To calculate these emissions, we multiply the kg C02e emitted in an hour with the chosen transport type by the number of days the visitor is staying. We averaged the time spent travelling around Scotland as an hour per day by looking at two popular trips, the North Coast 500 (by car) and journey between Glasgow and Edinburgh (by train). Assuming a car is travelling at 40mph, the 516 miles of the North Coast 500 can be completed in 12.9 hours. Dividing this by 7 (average number of days in which people complete the route), gives an average of 1.8 hours travelled a day. The train journey between Edinburgh and Glasgow is typically 45 minutes (0.75 hours). Adding these two results together and taking an average gave us a result of 1.275 hours, which we rounded to the nearest whole number for our calculations.

Using an average multiplied by the number of days a visitor is here allows us to account for the different lengths trips that visitors may take; and how time spent travelling around can be impacted by the length of a trip, i.e., typically a longer trip will have more travel hours.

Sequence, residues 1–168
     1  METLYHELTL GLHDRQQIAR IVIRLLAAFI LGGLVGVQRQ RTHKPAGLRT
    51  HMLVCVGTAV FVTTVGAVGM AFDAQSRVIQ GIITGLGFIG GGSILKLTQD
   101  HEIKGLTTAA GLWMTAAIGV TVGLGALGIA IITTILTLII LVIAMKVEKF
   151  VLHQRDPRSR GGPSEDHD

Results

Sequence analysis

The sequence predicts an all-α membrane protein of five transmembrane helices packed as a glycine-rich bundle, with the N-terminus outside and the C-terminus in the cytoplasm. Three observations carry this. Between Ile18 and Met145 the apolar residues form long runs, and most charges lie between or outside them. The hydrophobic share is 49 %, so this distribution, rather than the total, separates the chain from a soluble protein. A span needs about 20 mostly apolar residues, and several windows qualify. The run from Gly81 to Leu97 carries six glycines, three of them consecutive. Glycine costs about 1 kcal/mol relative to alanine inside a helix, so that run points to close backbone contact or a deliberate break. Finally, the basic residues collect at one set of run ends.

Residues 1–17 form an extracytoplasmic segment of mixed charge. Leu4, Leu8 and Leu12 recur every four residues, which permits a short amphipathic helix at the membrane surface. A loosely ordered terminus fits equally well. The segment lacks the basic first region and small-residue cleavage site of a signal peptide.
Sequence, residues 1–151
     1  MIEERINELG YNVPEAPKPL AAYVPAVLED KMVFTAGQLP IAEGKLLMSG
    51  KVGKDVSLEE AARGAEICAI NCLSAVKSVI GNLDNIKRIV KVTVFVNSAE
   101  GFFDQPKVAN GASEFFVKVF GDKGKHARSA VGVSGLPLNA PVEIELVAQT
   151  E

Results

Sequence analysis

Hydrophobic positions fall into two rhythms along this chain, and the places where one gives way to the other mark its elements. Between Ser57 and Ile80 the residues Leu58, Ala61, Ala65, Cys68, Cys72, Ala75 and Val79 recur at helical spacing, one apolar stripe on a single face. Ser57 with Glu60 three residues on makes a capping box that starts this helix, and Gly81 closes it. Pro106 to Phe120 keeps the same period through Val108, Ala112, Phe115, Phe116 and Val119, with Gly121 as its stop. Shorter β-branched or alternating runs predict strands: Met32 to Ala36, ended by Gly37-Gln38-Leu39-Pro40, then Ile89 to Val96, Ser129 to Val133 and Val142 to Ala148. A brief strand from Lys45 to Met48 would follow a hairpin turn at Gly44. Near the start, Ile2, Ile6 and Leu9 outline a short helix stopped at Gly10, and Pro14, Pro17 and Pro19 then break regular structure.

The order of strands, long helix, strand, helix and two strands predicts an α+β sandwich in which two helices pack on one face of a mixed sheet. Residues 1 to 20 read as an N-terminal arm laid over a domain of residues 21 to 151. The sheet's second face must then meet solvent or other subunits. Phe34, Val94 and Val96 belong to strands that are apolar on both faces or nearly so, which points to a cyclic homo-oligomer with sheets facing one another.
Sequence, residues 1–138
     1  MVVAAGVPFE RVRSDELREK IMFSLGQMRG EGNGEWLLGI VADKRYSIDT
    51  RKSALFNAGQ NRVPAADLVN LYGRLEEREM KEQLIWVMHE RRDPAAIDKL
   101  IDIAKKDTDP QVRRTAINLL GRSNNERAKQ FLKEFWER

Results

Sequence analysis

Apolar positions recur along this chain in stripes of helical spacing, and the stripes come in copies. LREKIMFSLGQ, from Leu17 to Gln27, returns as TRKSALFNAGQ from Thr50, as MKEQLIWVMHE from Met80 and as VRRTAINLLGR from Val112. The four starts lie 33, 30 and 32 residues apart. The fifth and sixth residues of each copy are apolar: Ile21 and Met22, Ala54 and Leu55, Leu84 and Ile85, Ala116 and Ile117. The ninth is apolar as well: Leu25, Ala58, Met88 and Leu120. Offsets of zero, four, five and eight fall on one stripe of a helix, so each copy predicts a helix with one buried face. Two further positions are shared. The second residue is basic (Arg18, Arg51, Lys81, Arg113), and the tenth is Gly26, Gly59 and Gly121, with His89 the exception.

To calculate diet emissions, we used data from the World Wide Fund for Nature (WWF) which gave us data on the average kg CO2e emitted for each dietary type for regular and moderate meat-eaters, vegetarians and vegans. We also used data from a 2014 UK study by Scarborough et al (2014) for additional dietary types including pescatarian and infrequent meat-eaters that were not included in the WWF report. The WWF report uses the DEFRA Family Food Dataset, data on calorie content from the NHS website and a study by Hoolohan et al (2013) to ascertain emissions of gCO2 for each dietary type. The study by Scarborough et al (2014) ascertained emissions from a dataset that contained GHG emissions for 94 food commodities in the UK that had a weighting for the global warming potential of each component gas. The average GHG emissions associated with a standard 2000 kcal diet were estimated for all subjects. This study used a smaller sample size of 65,000 participants from the UK.